San Francisco Chronicle:
In the German town of Hassloch, sandwiched between vineyards and farms growing lettuce and asparagus, people have had enough of the debt crisis.
"We can't go on funding the Greeks, they're beyond help," Angelika Hoerner, 50, said as she served customers from behind a glass counter of her family's butcher shop in the town of 21,000 in western Rhineland-Palatinate state. "It's better to have an end with horror than horror without an end."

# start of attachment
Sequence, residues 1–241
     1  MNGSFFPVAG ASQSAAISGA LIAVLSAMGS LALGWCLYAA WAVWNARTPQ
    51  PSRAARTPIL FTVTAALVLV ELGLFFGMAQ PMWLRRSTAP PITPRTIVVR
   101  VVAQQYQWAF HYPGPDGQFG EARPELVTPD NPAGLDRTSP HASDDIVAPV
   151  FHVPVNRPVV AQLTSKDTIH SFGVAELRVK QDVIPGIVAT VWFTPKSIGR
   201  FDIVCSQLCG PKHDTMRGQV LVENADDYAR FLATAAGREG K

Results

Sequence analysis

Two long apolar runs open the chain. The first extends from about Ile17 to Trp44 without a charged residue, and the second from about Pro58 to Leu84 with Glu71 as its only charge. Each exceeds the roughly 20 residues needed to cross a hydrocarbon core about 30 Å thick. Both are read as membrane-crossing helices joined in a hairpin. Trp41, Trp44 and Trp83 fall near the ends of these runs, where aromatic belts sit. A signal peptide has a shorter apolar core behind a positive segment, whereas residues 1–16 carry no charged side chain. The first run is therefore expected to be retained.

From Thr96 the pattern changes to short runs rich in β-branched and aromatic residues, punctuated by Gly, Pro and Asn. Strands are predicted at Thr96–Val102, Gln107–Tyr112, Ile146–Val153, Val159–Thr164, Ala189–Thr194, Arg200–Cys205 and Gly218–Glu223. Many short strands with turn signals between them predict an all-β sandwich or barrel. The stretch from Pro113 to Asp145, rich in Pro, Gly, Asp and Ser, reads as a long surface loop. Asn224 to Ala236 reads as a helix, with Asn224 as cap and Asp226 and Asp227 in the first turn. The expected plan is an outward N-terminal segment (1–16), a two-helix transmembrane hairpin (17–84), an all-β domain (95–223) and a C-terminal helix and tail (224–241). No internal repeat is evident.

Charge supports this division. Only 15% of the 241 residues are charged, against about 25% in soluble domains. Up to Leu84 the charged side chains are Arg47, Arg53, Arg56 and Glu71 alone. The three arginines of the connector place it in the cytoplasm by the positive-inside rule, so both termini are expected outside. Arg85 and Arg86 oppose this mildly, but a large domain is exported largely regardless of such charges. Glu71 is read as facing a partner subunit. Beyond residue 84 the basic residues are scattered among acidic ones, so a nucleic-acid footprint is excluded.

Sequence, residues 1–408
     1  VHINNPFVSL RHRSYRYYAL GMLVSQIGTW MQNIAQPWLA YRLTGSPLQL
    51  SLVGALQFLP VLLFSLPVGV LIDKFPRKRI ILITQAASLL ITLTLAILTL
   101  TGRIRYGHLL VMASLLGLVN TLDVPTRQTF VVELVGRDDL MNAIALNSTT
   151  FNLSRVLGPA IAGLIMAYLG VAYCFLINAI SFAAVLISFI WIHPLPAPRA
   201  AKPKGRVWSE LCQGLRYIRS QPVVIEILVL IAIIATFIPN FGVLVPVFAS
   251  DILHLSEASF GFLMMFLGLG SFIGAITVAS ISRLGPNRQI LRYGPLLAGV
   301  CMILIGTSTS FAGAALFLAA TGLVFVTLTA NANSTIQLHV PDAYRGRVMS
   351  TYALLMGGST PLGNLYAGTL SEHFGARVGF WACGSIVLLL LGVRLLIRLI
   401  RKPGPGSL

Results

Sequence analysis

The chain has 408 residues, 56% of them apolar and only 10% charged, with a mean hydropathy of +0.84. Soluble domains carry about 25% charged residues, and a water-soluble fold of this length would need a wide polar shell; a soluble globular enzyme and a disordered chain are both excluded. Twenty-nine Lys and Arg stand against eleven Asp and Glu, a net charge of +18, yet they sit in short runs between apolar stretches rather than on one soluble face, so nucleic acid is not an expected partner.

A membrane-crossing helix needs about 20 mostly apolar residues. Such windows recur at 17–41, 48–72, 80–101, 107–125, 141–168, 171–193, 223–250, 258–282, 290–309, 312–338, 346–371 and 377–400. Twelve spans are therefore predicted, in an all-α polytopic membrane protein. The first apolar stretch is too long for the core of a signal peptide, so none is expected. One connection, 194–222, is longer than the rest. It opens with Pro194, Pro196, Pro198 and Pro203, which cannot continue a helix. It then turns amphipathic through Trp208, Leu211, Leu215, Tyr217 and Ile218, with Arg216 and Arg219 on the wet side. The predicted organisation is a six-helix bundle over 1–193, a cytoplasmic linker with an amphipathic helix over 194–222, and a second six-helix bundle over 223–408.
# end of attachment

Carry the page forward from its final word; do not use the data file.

While nationwide polls show Germans are swinging against helping their poorer southern euro partner, opinions in Hassloch underscore a warning for Chancellor Angela Merkel as Greeks prepare for a second shot at electing a government on June 17.
The town has been used since 1985 by market-research company GfK SE as a miniature Germany to test products ranging from Unilever NV's Dove soap to Ferrero Spa Rondnoir chocolates before they are rolled out across the country. About 3,400 households have a GfK card that residents show at stores to register their purchases.